Published: April 30, 2013
No matter who you ask about this year's Colorado Mathematical Olympiad, everyone agrees: It was hard.
'Much harder than last year's, ' said Pranit Nanda, a seventh-grader from Aurora Quest K-8, near Denver, who won second honorable mention in the 2012 Olympiad. 'It was a lot of visual thinking, rather than just using numbers to find the answers. '
'Brain-wrecking ' is how Varun Roy, a sixth-grader from Mountain Ridge Middle School in Colorado Springs described the challenge, held April 26 at the University of Colorado at Colorado Springs.
'Those were the five hardest questions I've ever seen, ' he said.
'It was very long and confusing, ' piped in North Middle School student Regan Ogilvie. 'I answered all of them but just guessed at one. '
Now in its 30th year, the competition gives participants up to four hours to solve five essay-style questions. This year, 255 middle- and high-school students from around the state entered.
Winners will be announced and receive medals at a public ceremony at UCCS on Friday. To commemorate the 30th anniversary, the event also will feature an Olympiad documentary with the late mathematical genius Paul Erdos and a roundtable discussion with former winners and other math whizzes.
The complexity of this year's problems isn't surprising, said David Hunter, professor and head of the department of statistics at Pennsylvania State University.
'The problems are always pretty much the same: easy to explain, yet moderately to very difficult to solve, ' said Hunter, the 1986-1988 Olympiad champion and 1988 Palmer High School valedictorian. 'The part many people don't understand is that there is no such thing as 'the answer' to an Olympiad problem. A solution is an explanation of why such-and-such must be true, and, often, there is more than one way to explain it. '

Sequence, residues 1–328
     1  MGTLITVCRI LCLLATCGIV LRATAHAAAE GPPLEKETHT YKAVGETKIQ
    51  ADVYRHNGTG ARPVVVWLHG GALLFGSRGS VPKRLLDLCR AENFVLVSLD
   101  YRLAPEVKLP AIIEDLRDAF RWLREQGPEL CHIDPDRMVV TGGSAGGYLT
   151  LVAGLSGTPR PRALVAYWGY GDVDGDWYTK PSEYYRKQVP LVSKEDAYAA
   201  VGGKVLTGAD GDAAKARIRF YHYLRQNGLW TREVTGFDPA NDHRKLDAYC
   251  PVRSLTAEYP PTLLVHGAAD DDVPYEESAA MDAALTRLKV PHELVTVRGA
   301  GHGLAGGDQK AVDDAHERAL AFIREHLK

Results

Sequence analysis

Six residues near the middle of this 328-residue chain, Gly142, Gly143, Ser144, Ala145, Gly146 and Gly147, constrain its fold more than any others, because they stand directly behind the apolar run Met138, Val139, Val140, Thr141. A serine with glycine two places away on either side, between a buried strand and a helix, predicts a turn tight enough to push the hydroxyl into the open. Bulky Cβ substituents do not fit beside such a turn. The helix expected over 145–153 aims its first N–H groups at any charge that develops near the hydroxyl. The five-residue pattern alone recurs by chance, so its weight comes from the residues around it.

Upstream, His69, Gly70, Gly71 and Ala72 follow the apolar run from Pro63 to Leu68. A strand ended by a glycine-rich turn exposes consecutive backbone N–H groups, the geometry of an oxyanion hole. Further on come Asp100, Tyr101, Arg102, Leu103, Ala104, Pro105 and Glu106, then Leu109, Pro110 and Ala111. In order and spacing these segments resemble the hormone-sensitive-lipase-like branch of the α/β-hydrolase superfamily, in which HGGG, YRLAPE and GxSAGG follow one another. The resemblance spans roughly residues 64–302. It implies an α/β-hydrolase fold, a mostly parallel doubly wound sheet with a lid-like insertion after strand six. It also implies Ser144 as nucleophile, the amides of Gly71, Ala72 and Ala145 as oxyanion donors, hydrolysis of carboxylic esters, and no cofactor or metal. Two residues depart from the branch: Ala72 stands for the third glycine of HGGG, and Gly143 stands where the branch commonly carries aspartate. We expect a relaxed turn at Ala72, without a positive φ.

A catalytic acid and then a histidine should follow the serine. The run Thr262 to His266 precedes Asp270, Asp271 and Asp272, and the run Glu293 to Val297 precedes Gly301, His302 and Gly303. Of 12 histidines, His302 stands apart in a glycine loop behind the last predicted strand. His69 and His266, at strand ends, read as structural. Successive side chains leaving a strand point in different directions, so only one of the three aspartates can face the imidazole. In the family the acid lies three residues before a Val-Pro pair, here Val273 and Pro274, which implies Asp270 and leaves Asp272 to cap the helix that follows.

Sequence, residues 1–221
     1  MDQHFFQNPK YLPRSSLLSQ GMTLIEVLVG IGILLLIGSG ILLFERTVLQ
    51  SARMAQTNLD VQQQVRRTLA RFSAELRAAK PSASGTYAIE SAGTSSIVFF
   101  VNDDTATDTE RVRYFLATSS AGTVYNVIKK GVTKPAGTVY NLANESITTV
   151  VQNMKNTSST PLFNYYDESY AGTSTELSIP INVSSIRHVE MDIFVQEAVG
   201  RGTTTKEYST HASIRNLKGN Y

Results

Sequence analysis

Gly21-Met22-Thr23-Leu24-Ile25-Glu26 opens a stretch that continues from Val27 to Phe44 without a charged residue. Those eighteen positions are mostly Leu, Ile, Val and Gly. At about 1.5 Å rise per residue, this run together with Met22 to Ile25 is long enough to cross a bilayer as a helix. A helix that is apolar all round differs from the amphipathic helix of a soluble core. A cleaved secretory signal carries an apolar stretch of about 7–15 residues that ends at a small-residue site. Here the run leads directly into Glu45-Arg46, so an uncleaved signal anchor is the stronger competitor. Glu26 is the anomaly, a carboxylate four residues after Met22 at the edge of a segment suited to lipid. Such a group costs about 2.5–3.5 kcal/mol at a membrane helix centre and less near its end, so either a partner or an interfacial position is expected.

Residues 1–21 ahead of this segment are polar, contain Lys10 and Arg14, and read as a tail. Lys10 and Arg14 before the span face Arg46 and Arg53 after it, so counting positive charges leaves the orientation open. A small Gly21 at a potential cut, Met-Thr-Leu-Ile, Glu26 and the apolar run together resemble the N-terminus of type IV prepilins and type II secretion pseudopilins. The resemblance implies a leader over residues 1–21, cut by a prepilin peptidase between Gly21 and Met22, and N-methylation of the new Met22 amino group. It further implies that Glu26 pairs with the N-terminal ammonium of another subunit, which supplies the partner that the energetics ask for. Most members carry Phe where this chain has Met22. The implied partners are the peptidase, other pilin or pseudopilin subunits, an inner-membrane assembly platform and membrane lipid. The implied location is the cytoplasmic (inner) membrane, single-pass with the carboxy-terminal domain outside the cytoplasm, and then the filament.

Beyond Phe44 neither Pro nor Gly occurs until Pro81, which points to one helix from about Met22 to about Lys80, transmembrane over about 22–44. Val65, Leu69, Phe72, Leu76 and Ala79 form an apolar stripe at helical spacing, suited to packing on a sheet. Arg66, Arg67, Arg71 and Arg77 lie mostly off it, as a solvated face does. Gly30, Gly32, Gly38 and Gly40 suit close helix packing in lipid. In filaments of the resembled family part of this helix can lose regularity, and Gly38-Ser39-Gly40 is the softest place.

A panel of judges found that out, as they listened for hours to Olympiad founder Alexander Soifer review the numerous ways in which the problems could be solved.
'The problems are in the form of stories and because they are the same for sixth through 12th-graders, they don't require much knowledge, but rather talent, creativity and original thinking, ' said Soifer, a UCCS professor who teaches math, art history and European cinema. 'In the Olympiad of 2001, for example, an eighth-grader won first prize. '
The Olympiad isn't like other math contests for kids. There's no reward for speed or regurgitating memorized math facts.
'Somehow nervousness was less of a factor than with other tests, ' Hunter said. 'You felt that you really had time to sit and think, and that you wouldn't be penalized for day dreaming a little -which in fact often led to interesting solution ideas. '
Matt Kahle, who graduated in the bottom 8 percent of his class at Air Academy High School, excelled at the Olympiad. He took first place in 1990 and 1991, and today holds a Ph.D. in mathematics from the University of Washington and is an assistant professor of mathematics at Ohio State University.
He's also been an Olympiad judge for the past decade.
'The Olympiad helped me grow as a problem-solver and helped me learn to write more clearly, ' he said. 'It would be hard to overestimate the impact the Olympiad has had on bright young minds in Colorado for the past 30 years. '
Soifer created the Olympiad based on the USSR National Mathematical Olympiad, in which he competed and then served on the committee.
Mark Heim, a three-time Olympiad champion from 2003 to 2005, judged entries for the first time this year to 'experience the Olympiad from the opposite point of view. ' Instead of focusing on how he tackled tough problems as a contestant, Heim as a judge could see the variety of approaches students use and evulate their merit and accuracy.
'I appreciate the Olympiad for its praise and encouragement of original thinkers to a wide audience - something not often done beneath the college level, ' said Heim, now a senior at Colorado State University.